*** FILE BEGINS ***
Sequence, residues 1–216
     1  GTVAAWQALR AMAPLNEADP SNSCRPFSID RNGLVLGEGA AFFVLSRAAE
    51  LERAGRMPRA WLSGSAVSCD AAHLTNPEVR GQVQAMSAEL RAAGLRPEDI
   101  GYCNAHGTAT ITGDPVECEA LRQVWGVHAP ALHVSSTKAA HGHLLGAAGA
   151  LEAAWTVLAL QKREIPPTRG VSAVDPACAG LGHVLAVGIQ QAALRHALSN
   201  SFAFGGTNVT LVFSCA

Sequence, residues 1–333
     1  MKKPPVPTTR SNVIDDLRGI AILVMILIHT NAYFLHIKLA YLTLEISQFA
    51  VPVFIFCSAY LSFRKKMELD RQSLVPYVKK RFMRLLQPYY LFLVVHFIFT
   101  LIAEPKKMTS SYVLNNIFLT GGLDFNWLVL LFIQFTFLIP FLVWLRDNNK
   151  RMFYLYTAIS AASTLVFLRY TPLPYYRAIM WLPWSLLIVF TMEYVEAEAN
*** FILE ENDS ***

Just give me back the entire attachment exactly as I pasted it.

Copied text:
Sequence, residues 1–216
     1  GTVAAWQALR AMAPLNEADP SNSCRPFSID RNGLVLGEGA AFFVLSRAAE
    51  LERAGRMPRA WLSGSAVSCD AAHLTNPEVR GQVQAMSAEL RAAGLRPEDI
   101  GYCNAHGTAT ITGDPVECEA LRQVWGVHAP ALHVSSTKAA HGHLLGAAGA
   151  LEAAWTVLAL QKREIPPTRG VSAVDPACAG LGHVLAVGIQ QAALRHALSN
   201  SFAFGGTNVT LVFSCA

Sequence, residues 1–333
     1  MKKPPVPTTR SNVIDDLRGI AILVMILIHT NAYFLHIKLA YLTLEISQFA
    51  VPVFIFCSAY LSFRKKMELD RQSLVPYVKK RFMRLLQPYY LFLVVHFIFT
   101  LIAEPKKMTS SYVLNNIFLT GGLDFNWLVL LFIQFTFLIP FLVWLRDNNK
   151  RMFYLYTAIS AASTLVFLRY TPLPYYRAIM WLPWSLLIVF TMEYVEAEAN